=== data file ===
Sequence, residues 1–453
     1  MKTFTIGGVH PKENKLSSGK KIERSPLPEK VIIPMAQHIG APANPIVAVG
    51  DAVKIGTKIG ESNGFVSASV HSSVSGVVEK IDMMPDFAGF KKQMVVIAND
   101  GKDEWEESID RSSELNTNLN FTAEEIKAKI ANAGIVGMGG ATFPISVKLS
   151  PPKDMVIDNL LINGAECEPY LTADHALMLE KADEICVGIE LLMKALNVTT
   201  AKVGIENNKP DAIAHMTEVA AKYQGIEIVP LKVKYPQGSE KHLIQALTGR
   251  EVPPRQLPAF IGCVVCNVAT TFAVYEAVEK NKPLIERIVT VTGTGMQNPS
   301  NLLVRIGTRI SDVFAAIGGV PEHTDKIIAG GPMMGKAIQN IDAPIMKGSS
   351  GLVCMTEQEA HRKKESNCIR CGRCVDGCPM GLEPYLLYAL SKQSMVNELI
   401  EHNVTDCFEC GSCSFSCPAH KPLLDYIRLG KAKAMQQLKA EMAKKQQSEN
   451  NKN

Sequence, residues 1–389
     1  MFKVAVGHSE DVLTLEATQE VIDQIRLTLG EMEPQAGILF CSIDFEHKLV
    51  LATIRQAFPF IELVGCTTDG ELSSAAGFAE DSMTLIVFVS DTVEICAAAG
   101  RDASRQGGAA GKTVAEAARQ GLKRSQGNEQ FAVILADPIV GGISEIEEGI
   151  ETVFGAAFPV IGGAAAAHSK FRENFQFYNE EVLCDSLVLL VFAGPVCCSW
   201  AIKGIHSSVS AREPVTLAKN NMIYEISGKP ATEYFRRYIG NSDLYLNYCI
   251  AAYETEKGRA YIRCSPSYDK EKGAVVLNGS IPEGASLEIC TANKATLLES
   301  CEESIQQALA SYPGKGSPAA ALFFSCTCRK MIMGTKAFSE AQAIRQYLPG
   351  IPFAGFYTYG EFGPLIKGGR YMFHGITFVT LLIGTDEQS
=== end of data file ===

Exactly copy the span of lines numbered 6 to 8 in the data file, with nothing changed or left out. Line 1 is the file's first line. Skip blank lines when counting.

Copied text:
   201  AKVGIENNKP DAIAHMTEVA AKYQGIEIVP LKVKYPQGSE KHLIQALTGR
   251  EVPPRQLPAF IGCVVCNVAT TFAVYEAVEK NKPLIERIVT VTGTGMQNPS
   301  NLLVRIGTRI SDVFAAIGGV PEHTDKIIAG GPMMGKAIQN IDAPIMKGSS